SOUTH PORTLAND – Learning how to install solar panels will soon be a required course in the electrical engineering technologies program at Southern Maine Community College.

The college has received a $70,000 federal grant to become an accredited training site in a national network of solar photovoltaic instructors.

It’s part of the college’s larger effort to become a regional model for sustainable practices and a center for renewable energy education in construction, heating, air-conditioning, refrigeration, plumbing and electrical engineering technologies.

Building weatherization will be a required course for construction technology students, and students in related fields will be encouraged to take an elective course on how to conduct home energy audits, said Kaylene Waindle, the college’s dean of advancement.

“We believe all of our graduates in construction-related fields need those skills if we’re going to change our energy future in Maine,” Waindle said. “We want our campus to be a living laboratory for sustainable energy practices.”

SMCC has been moving in that direction for a while. The college recently installed energy-efficient light fixtures and solar heat collectors in its automotive education building. In the spring, the college plans to open a sustainability center in the Tripp Building, a former heating and testing lab where all green-energy initiatives will be housed as a community resource.

“It’s a way we see the college contributing to the future of the state and fulfilling its mission to students,” Waindle said.

The college is funding its green-energy initiatives with about $600,000 in grants, including $375,000 from Efficiency Maine and more than $100,000 from the Maine State Housing Authority.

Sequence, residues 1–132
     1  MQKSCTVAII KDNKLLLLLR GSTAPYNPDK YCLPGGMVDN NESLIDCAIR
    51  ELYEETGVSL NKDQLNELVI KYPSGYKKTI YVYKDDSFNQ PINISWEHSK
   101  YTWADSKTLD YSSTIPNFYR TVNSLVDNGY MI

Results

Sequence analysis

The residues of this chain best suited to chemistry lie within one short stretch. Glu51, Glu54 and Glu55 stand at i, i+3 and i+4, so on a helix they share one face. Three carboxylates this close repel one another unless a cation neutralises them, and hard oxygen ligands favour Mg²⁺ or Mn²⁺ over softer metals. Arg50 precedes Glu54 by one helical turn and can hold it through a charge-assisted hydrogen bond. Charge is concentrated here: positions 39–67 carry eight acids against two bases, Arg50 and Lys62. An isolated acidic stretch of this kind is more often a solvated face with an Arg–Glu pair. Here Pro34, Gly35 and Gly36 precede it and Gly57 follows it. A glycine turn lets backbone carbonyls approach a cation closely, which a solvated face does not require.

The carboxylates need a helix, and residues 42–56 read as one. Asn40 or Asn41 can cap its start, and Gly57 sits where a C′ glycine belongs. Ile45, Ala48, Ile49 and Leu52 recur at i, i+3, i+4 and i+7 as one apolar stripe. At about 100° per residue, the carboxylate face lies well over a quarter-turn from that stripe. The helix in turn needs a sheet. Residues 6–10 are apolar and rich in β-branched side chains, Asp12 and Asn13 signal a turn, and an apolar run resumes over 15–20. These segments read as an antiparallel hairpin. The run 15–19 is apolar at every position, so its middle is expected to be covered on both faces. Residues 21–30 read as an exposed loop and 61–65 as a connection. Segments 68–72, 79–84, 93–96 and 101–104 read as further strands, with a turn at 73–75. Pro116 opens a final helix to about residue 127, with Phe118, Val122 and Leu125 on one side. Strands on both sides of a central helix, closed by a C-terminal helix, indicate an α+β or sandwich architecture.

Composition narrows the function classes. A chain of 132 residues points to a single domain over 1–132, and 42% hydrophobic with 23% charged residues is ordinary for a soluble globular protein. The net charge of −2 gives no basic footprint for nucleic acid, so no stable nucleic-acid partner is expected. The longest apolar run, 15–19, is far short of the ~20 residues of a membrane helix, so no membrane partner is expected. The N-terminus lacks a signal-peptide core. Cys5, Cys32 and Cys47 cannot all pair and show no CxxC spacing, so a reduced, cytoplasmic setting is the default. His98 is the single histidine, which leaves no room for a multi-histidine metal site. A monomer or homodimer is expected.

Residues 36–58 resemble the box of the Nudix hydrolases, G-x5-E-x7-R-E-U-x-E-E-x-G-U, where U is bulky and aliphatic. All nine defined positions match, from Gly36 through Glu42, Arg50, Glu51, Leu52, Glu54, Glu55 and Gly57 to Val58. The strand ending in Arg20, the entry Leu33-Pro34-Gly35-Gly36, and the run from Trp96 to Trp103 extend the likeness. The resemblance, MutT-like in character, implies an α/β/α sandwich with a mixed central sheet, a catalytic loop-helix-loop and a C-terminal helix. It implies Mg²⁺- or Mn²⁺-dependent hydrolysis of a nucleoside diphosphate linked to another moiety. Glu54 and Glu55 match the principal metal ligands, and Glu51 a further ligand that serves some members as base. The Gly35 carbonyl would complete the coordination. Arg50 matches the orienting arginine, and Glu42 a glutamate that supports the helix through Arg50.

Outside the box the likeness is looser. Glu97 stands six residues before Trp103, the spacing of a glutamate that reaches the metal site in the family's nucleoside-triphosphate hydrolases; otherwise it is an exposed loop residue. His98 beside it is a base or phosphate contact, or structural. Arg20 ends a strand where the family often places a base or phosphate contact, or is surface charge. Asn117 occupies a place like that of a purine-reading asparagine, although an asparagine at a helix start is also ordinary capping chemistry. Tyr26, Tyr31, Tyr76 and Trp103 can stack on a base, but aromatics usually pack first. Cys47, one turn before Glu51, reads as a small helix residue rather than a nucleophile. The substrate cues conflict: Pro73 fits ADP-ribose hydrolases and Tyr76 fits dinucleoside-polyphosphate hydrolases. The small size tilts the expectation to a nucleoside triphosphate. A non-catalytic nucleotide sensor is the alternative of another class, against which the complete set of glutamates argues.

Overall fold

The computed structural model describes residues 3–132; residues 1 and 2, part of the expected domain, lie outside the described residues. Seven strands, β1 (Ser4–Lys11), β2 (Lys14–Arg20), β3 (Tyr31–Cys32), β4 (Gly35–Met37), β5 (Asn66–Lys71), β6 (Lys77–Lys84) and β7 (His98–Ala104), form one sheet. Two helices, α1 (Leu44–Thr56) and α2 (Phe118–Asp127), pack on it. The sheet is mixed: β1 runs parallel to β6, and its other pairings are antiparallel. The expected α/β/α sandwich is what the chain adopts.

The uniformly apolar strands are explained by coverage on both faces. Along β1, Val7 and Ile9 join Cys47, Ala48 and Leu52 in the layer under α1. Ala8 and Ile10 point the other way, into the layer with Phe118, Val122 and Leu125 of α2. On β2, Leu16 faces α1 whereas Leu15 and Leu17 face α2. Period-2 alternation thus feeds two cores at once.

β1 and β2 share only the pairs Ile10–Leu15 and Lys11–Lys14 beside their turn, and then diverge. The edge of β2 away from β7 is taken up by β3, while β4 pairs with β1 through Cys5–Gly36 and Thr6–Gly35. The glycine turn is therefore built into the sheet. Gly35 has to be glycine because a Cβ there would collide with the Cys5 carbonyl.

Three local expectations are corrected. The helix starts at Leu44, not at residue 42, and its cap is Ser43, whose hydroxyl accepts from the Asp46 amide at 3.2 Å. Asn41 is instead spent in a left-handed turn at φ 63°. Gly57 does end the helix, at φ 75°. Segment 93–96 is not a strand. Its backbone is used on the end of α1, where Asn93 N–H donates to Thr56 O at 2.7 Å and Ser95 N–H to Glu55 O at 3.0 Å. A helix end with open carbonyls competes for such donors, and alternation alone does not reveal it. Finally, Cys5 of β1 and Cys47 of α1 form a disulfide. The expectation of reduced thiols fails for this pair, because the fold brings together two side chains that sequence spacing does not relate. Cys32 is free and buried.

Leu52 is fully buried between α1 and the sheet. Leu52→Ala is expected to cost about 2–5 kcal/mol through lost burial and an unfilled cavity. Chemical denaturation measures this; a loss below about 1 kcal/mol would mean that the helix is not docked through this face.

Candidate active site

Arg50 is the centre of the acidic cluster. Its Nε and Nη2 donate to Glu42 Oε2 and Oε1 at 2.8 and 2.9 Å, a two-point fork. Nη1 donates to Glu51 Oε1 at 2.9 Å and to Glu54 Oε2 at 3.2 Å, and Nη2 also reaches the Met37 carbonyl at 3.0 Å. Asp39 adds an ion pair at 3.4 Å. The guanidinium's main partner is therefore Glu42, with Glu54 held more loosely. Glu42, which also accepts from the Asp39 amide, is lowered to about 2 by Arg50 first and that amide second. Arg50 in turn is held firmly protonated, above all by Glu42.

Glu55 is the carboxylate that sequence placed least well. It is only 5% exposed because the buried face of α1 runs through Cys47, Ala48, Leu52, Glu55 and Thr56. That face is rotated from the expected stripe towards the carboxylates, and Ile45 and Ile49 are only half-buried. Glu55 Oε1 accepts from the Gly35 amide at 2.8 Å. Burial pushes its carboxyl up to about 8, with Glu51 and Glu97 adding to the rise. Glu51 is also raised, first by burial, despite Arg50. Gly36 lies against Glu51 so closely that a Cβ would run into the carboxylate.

The latest $70,000 grant is part of more than $27 million that the U.S. departments of energy, labor and education are spending to create jobs and ensure quality work in the design, installation and inspection of solar energy systems. It includes $10 million from the American Recovery and Reinvestment Act.

Last year, Kennebec Valley Community College in Fairfield received $2.8 million to develop a nationally accepted training program for instructors in the field of solar heating and cooling technology across the Northeast. Those instructors will then be able to certify students to work in communities throughout the region.

SMCC received the $70,000 grant through Hudson Valley Community College in New York, which was awarded $3.5 million to establish a training program for solar photovoltaic instructors across the Northeast. Solar photovoltaic systems use cells to capture and convert the sun’s energy into electricity.

SMCC already provides some solar technology education in its renewable energy resources course, which started three years ago, said Jamie McGhee, an electrical engineering technologies instructor.

Starting next semester, the upper-level course will focus on solar photovoltaics. A 30-by-12-foot section of asphalt-shingled roof has been built at ground level so students can install, test and connect a solar photovoltaic system to the larger electrical grid.

“The majority of installations would be on this type of roof, so it will give them some real-world experience,” McGhee said.

The college will use the $70,000 to complete McGhee’s training as a certified instructor and receive curriculum accreditation from the North American Board of Certified Energy Practitioners and the Institute for Sustainable Power.

It also will purchase solar panels and mounting systems from different manufacturers so students become familiar with various options and special equipment to measure solar availability and sun shading, McGhee said.

The use of solar technology is growing 30 percent annually worldwide, McGhee said, and Maine gets enough sun to make it worthwhile. Whether solar photovoltaic systems, which can cost $20,000 or more, become popular in Maine depends on the future availability of tax rebates and other incentives, McGhee said.

It also would help if Maine had variable electricity rates so property owners with photovoltaic systems could benefit from using little or no electricity during peak daylight hours, McGhee said.

Staff Writer Kelley Bouchard can be contacted at 791-6328 or at:

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